6. Production Rates
The immediate and future market demands of a product should be considered when determining production rates and the type/sizes of production equipment to be used in the production process. The size of the equipment and its utilization should be proportional to each other.
The choice of equipment and process to be used is dependent on product loss in equipment during manufacturing process, time required to clean up equipment between batches and the number of batches needed for testing.
7. Process Evaluation
This step critically evaluates the process and optimizes its performance based on that evaluation. Processes that should be examined include the following:
1. Order of addition of components, including adjustments of their amounts.
2. Mixing speed and mixing time.
3. Rate of addition of granulating agents, solvents, solutions of drugs, slurries etc.
4. Heating and cooling rates.
5. Filter sizes for liquids preparations
6. screen sizes for solid preparations
7. Drying temperatures and drying times.
Knowledge of the effect of these important process parameters on in-process and finished product quality is the basis for process optimization and validation. This is accomplished by monitoring the within batch variation of measurable parameters (content uniformity, moisture content and compressibility). This provides data that helps in accessing and identifying where the process is performing as intended and where problem areas may be found.
8. Preparation of Master Manufacturing Procedure
This is concerned with the manner of presentation of the manufacturing procedures to facilitate easy compliance and understanding by the processing technicians. The procedures include; manufacturing directives, chemicals weigh sheet, sampling directions, in-process, and finished product specifications.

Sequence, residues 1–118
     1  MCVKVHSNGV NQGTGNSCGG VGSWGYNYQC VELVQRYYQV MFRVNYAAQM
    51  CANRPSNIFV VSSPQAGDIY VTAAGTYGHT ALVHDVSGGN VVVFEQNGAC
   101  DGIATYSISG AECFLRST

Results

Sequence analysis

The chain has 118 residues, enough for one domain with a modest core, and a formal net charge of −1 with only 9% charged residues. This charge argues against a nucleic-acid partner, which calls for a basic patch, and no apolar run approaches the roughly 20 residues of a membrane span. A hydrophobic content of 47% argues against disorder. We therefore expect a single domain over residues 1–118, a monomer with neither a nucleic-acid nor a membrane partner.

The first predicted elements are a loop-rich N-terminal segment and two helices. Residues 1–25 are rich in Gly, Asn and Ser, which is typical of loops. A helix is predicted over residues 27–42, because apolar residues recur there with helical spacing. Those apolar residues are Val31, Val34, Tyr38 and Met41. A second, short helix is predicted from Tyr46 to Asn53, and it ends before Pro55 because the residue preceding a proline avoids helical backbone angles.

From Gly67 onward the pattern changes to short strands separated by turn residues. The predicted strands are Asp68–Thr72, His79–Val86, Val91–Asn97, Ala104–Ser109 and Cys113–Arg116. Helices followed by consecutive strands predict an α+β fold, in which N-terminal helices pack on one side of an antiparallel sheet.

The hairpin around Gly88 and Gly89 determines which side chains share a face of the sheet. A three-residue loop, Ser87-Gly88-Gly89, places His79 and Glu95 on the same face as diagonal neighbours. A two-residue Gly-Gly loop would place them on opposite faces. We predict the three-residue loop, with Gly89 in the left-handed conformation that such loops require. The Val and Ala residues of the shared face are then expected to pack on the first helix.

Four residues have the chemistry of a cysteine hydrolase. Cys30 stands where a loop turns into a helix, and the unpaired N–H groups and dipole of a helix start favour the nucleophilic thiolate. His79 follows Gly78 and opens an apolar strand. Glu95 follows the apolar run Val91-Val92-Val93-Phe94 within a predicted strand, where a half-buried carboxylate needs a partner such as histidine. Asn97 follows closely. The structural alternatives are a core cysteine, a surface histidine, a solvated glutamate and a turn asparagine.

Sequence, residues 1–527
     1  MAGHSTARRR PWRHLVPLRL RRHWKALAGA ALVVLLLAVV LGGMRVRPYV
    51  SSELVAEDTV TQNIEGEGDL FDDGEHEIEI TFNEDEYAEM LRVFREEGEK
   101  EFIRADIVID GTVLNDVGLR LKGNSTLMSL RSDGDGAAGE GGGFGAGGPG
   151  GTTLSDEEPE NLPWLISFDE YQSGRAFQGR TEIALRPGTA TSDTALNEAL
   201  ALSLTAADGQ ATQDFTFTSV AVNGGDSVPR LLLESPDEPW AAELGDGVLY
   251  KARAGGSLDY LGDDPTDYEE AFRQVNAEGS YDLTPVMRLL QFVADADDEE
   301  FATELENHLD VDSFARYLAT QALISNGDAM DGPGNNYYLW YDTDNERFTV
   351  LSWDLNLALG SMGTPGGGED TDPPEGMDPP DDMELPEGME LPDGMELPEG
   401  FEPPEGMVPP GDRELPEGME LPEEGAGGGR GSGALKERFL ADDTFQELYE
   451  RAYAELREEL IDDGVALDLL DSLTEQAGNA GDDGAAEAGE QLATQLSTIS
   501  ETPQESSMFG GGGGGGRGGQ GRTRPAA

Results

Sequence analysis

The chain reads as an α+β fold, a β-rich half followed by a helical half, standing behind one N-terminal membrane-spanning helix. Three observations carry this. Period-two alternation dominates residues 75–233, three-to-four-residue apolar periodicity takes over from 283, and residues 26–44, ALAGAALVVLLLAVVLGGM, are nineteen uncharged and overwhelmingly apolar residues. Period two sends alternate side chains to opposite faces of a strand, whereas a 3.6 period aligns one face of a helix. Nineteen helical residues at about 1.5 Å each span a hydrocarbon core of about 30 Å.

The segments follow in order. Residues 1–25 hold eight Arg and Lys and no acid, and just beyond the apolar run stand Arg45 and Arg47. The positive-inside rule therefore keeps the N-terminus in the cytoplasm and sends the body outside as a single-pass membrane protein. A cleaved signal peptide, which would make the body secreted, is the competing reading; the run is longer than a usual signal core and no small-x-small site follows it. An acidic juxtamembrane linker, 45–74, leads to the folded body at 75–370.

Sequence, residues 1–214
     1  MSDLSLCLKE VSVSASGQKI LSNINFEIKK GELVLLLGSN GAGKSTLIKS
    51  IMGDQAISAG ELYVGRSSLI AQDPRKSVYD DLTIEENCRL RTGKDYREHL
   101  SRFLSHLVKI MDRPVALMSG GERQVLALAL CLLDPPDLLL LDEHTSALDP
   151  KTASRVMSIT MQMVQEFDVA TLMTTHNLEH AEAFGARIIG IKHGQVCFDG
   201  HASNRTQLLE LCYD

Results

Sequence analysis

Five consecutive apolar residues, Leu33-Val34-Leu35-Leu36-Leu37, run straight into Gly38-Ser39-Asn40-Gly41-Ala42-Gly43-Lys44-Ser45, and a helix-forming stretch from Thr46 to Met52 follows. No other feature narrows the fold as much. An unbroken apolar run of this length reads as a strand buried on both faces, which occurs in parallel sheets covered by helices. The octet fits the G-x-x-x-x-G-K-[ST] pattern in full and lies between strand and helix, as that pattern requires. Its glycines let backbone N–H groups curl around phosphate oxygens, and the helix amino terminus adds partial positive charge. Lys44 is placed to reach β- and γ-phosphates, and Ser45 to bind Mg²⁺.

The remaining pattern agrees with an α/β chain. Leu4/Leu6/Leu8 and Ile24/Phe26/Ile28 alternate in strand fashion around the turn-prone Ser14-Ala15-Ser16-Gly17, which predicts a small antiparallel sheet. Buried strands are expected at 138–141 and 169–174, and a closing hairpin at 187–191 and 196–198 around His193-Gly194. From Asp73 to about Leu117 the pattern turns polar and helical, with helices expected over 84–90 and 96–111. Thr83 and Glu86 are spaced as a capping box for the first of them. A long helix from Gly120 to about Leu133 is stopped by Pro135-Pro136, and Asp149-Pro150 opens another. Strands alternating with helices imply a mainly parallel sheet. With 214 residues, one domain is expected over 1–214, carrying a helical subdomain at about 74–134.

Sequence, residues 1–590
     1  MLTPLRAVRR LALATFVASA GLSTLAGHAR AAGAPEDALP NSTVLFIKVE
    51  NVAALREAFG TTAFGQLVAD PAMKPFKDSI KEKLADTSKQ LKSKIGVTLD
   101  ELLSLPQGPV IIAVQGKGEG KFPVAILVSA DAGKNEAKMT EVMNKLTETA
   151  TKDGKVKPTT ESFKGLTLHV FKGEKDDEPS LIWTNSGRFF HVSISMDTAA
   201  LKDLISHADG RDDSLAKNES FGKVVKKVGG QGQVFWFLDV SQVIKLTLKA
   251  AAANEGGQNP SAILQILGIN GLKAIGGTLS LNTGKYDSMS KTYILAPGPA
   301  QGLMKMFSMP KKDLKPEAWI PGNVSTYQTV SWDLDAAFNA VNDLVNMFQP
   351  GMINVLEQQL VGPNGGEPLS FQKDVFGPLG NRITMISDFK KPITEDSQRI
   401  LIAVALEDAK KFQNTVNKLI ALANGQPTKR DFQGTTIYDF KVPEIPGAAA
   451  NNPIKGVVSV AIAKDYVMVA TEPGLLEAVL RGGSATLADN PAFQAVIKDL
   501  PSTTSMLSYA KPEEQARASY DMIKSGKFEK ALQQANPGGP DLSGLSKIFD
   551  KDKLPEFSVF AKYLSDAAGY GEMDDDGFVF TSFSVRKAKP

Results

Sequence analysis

The weight sheet, for instance, should clearly identify the chemicals required in the batch, their quantities and order in which they will be used. To also prevent confusion and possible errors, both names and identifying numbers for the ingredient should be used on batch records and these should correspond with those on the bulk material containers. The process directions should be precise and explicit.
The batch records’ directions should include specifications for addition rates, mixing times, mixing speeds, heating and cooling rates, and temperatures. The actual times, temperature, and speeds used should be documented. The time and manner in which in-process and finished samples are to be taken from a batch and the way in which they are handled and stored should be clearly specified with the batch record.
9. Good Manufacturing Practice (GMP) Considerations
A list of GMP items that should be part of scale-up of a new product or process introduction may include the following;
1. Equipment qualification
2. Process validation
3. Regularly scheduled preventative maintenance
4. Regular process review and revalidation
5. Relevant written standard operating procedures
6. The use of competent, technically qualified personnel
7. Adequate provision for training of personnel
8. A well-defined technology transfer system
9. Validated cleaning procedures
10. An orderly arrangement of equipment for easy material flow and prevention of cross-contamination.
10. Transfer of Analytical Methods to Quality Assurance
All analytical test methods developed in research during scale up of a new product, must be transferred to the quality assurance department. The quality assurance staff should review the process to make sure that the proper analytical instrumentation is available and that personnel are trained to perform the tasks.
Research personal should review the assay procedure and the data obtained during the validation studies to verify that the analytical methods have not been altered in a way that might affect the reliability, precision or accuracy of the tests..
- Ramasubramaniyan P., Shibin raj C., Nagarajan P., Sherly D., Subramanian L. and Solairaj P. (2014). Pilot Scale-up Techniques for Solid Dosage Form – An Overview for Tablets. World Journal of Pharmaceutical Research. 3(8), 925-931.
- Levin M. (2001). Pharmaceutical Process Scale-up. New York: Marcel Dekker, Inc.
- Onunkwo G. (2016). Lecture on Pilot Plant Scale-up Techniques. Personal Collection of Onunkwo, University of Nigeria, Nsukka, Enugu State.
The title of this article is General Considerations During Pilot Plant Scale-up